Germany to end largest African mission

Foreign Minister Baerbock was against the Bundeswehr leaving Mali, saying it would become a “Russian vassal”

Some 1,100 German troops currently stationed in Mali will depart by May 2024, Berlin has announced. Bundeswehr soldiers have been deployed in the African country for almost a decade, as part of the UN peacekeeping mission MINUSMA, which the government in Bamako has been increasingly unhappy about. 

Chancellor Olaf Scholz’s government will ask the Bundestag to give the mission one last year-long extension in May 2023, “in order to bring this mission to a structured end after ten years,” government spokesman Steffen Hebestreit said on Tuesday.

The UN has not yet received Germany’s official notice that it intends to withdraw, however, and intends to continue the mission in Mali.

“The mission is currently assessing the impact of these withdrawals on its operations and we are already in discussions with a number of countries in order to fill any gaps,” said deputy spokesman Farhan Haq.

Egypt has already pulled out of MINUSMA. Sweden said its forces would leave by June 2023, while the UK and Ivory Coast announced last week that their soldiers would be leaving soon as well.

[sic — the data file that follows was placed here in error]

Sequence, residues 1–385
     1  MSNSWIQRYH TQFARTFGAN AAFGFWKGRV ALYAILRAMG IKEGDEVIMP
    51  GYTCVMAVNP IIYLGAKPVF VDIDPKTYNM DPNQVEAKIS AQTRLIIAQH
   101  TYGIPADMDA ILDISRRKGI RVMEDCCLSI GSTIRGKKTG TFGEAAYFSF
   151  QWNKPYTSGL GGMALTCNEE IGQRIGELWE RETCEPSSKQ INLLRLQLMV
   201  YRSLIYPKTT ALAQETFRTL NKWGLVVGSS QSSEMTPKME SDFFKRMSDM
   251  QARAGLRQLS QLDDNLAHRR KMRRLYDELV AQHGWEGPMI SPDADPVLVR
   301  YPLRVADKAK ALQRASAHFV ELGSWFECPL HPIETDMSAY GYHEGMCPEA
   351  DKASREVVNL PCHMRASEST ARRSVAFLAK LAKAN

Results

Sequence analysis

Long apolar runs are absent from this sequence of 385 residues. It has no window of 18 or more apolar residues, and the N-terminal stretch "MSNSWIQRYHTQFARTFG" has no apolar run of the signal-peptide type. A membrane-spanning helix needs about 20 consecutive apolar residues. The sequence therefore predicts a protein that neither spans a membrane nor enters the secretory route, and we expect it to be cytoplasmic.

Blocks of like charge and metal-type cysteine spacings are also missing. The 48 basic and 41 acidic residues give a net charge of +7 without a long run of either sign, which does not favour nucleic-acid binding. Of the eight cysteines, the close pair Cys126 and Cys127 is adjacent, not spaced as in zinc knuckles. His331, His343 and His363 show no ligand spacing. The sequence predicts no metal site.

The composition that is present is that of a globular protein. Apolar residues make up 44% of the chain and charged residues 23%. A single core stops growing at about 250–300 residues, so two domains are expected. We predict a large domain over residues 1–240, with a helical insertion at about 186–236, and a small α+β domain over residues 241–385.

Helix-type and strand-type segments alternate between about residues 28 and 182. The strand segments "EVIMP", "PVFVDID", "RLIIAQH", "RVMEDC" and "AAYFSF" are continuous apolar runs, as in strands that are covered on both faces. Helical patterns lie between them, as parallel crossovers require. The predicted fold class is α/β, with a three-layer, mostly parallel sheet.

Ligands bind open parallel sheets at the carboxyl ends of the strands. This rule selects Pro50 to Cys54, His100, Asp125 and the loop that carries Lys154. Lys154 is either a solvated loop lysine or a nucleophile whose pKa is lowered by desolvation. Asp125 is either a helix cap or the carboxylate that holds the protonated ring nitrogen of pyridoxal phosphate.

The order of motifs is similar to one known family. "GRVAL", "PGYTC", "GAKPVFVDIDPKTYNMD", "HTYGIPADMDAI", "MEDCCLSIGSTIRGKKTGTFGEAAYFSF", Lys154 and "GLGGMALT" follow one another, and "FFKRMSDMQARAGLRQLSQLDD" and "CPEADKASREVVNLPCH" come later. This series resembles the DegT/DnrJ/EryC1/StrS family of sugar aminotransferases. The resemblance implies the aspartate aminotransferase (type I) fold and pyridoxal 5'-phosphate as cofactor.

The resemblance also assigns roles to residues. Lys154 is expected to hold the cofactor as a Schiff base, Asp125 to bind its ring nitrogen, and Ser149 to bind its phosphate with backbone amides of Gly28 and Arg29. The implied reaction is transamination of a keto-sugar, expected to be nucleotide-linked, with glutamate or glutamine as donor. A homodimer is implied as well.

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Germany’s scouts are mostly deployed near Gao, in the northern desert, and amount to less than a tenth out of MINUSMA’s total strength of 15,000. Another 20 or so soldiers serve with UN missions in South Sudan and Western Sahara, which have not been discontinued yet.

Mali invited outside help in 2013, after militants pledging allegiance to Islamic State (IS, formerly ISIS) seized large portions of the country. Its former colonial overlord France led the way, launching ‘Operation Barkhane’ that expanded to neighboring Burkina Faso, Chad, Mauritania, and Niger. 

Paris officially ended the mission earlier this month, however, amid growing discontent from former colonies. Mali had canceled its defense pact with France in May. Bamako has accused France of actually helping terrorists and reportedly sought help from the Russian private military company, Wagner.

Berlin’s decision to withdraw meant that Scholz and Defense Minister Christine Lambrecht had prevailed over Foreign Minister Annalena Baerbock, who publicly opposed the idea.

“If entire regions fall into the hands of Islamists, if girls can no longer attend school or the whole of Mali becomes Russia’s vassal, we will also feel the impact in Europe,” she said in August, in an interview with Bild am Sonntag.

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